Terms of the deal weren't disclosed, but in its talks with potential buyers, LiveRail was rumored to be asking $500 million.
Facebook's Brian Boland, VP ads product marketing, wrote in a blog post: "We believe that LiveRail, Facebook and the premium publishers it serves have an opportunity to make video ads better and more relevant for the hundreds of millions of people who watch digital video every month. More relevant ads will be more interesting and engaging to people watching online video, and more effective for marketers too. Publishers will benefit as well because more relevant ads will help them make the most out of every opportunity they have to show an ad."
LiveRail positions itself as a video supply-side platform (SSP). Its technology helps media companies determine the optimal yield from their video pods. Last October, the company began supporting ad breaks similar to television breaks. These could be transacted in a programmatic manner and were designed to make it easier for TV buyers to extend their broadcast campaigns more easily into digital channels.
In a 2013 interview with AdExchanger, LiveRail CEO Mark Trefgarne said, "We're seeing more broadcast clients starting to deploy programmatic sales. As a result, more long-form content is coming into the market, along with the opportunity to have breaks with more than one ad. That also brings with it a certain amount of complexity. That's what we're working to address and simplify."
LiveRail is known for having robust technology focused on video ad sellers. Speaking with AdExchanger on background, one publisher customer praised the completeness of its solution, which allows this customer to handle both video ad serving and video reach extension within a single platform -- rather than working with an ad server such as FreeWheel as well as a demand-side platform like BrightRoll or TubeMogul. But he criticized the company for falling down on customer service.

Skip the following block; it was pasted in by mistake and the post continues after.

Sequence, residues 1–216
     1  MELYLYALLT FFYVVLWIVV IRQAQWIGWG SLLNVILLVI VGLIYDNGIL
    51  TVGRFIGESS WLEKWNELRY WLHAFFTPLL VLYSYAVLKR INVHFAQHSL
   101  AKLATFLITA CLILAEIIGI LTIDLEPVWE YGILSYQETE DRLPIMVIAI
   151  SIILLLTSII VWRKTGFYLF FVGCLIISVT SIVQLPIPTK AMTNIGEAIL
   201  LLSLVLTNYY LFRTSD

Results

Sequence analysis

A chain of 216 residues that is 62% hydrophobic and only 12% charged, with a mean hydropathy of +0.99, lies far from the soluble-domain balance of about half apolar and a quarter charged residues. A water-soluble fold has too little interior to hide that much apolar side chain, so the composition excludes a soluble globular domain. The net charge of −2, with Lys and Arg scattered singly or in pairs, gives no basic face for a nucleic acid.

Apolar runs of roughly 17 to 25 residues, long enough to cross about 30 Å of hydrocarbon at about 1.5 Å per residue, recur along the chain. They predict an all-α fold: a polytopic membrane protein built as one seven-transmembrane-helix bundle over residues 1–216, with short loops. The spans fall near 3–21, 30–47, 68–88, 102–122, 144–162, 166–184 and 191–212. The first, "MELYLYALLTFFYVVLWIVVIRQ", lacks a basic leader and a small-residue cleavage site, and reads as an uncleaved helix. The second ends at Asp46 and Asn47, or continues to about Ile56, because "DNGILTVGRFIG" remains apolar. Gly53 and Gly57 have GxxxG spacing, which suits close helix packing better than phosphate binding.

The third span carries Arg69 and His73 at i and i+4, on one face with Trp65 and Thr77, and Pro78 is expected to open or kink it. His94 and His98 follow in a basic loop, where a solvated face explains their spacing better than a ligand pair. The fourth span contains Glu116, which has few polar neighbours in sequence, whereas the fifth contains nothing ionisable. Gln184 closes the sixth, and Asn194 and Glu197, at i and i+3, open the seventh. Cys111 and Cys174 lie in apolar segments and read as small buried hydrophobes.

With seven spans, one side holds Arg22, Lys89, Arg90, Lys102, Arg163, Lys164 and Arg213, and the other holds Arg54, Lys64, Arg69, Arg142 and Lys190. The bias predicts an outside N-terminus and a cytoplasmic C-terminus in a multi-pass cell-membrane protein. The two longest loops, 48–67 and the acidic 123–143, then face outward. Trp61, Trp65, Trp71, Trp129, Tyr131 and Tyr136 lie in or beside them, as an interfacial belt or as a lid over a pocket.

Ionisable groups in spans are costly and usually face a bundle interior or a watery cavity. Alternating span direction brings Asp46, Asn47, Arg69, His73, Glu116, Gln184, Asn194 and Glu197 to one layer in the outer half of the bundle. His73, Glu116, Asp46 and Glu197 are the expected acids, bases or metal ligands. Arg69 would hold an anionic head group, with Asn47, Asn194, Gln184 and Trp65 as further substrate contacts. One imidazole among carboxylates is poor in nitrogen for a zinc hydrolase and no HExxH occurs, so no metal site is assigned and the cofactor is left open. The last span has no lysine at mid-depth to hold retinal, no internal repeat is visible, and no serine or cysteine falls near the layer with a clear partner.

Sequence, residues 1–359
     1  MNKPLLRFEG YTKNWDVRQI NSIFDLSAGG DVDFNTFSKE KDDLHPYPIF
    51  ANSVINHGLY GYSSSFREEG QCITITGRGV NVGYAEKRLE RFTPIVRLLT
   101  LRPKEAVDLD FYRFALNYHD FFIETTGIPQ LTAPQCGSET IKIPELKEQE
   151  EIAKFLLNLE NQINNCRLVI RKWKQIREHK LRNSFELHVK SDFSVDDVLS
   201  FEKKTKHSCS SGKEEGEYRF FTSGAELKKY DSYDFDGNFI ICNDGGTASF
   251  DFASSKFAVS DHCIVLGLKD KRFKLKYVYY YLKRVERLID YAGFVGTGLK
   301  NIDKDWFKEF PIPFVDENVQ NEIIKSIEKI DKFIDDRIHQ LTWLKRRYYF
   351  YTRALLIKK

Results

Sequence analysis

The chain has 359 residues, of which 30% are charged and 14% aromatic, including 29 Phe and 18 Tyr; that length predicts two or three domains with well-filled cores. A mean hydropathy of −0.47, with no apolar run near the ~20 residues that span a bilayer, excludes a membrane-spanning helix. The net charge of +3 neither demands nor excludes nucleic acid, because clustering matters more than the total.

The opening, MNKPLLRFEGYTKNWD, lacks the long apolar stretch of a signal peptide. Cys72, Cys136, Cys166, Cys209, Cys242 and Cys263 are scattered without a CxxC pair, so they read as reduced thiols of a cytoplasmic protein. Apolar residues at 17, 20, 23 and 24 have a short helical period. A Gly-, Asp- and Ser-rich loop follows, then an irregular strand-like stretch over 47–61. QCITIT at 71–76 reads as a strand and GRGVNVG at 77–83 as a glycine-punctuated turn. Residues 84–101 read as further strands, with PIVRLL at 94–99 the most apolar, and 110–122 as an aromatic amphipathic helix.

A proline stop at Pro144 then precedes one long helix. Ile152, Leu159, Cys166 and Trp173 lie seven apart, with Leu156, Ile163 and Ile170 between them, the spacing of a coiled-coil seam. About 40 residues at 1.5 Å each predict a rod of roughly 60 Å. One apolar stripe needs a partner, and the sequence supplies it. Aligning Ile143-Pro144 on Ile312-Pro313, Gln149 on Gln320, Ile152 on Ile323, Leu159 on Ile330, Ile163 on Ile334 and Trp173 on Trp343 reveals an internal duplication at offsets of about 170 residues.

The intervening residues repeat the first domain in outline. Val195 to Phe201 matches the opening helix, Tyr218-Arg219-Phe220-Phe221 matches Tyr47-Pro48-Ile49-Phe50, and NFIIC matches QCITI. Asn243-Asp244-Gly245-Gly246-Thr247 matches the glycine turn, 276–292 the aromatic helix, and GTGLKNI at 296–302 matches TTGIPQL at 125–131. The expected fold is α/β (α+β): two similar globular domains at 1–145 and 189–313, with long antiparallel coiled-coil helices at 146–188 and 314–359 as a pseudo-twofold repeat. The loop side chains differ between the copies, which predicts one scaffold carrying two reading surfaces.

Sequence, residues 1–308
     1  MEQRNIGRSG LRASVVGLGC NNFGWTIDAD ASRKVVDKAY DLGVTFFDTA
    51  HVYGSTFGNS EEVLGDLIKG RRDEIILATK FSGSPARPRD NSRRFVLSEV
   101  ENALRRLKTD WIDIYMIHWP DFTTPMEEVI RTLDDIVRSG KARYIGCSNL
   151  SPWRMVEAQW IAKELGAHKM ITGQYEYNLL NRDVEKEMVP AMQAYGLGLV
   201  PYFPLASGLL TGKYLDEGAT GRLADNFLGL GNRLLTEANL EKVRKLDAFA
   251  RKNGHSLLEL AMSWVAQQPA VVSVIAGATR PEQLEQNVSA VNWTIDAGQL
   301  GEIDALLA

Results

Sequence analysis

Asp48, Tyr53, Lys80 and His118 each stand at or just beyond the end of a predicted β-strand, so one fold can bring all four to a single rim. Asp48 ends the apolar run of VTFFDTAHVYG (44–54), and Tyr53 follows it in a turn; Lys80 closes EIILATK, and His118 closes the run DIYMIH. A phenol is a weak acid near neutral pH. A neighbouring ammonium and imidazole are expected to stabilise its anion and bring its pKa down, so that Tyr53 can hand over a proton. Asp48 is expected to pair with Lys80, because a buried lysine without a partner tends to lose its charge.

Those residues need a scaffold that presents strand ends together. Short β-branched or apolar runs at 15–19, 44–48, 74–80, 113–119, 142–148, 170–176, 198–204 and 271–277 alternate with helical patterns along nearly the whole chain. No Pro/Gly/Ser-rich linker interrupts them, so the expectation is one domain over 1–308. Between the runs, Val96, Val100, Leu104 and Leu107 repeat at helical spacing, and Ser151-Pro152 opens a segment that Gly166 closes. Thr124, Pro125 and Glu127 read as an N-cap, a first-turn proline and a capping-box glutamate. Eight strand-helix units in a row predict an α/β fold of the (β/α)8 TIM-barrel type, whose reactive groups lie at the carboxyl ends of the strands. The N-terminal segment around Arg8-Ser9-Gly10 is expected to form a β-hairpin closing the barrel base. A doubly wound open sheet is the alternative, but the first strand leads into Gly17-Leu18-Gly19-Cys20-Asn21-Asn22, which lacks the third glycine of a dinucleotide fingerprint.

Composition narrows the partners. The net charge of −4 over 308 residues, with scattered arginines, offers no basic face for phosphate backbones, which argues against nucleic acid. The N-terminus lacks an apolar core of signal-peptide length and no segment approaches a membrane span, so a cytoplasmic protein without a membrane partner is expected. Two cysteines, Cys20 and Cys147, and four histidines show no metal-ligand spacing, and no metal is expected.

"I love their technology. I think it's very easy to use," this customer said. "But I do see a lack in client services. I don't know if that's because they are growing so fast, but that's an area for improvement."
Buying LiveRail gives a great deal more substance to Facebook's product plans around digital video advertising, which to date have mostly consist of user-initiated video ad formats tied to Page Posts. More recently and after much agonizing over the impact on user experience, Facebook began a test of auto-play ads in the newsfeed in a bid to capture a larger chunk of the billions in branding dollars that today flow to television.
In a research note to investors, Wells Fargo senior analyst Peter Stabler heralded this opportunity for Facebook.
"The addition of LiveRail should substantially broaden the inventory opportunity for FB sales, offering greater audience reach and an ability to sell into a broader range of video advertisers," he wrote. "We believe that by combining its superior targeting capabilities and a vastly expanded supply of premium and long-tail video, Facebook is now even better positioned to capitalize on this shift [of branding dollars to digital]."
Additionally, the acquisition lends weight to recent chatter that Facebook is pushing hard to develop an advertising stack that could put it into direct competition with Google's DoubleClick platform. The Facebook "ad stack" already includes the Atlas ad management platform, Facebook Exchange and Facebook Audience Network. However those solutions are all geared to the buy-side of digital advertising, whereas LiveRail represents its first major foray into sell-side ad tech solutions. The company recently hired David Jakubowski, former CEO at Aggregate Knowledge, to help drive its investments in ad technology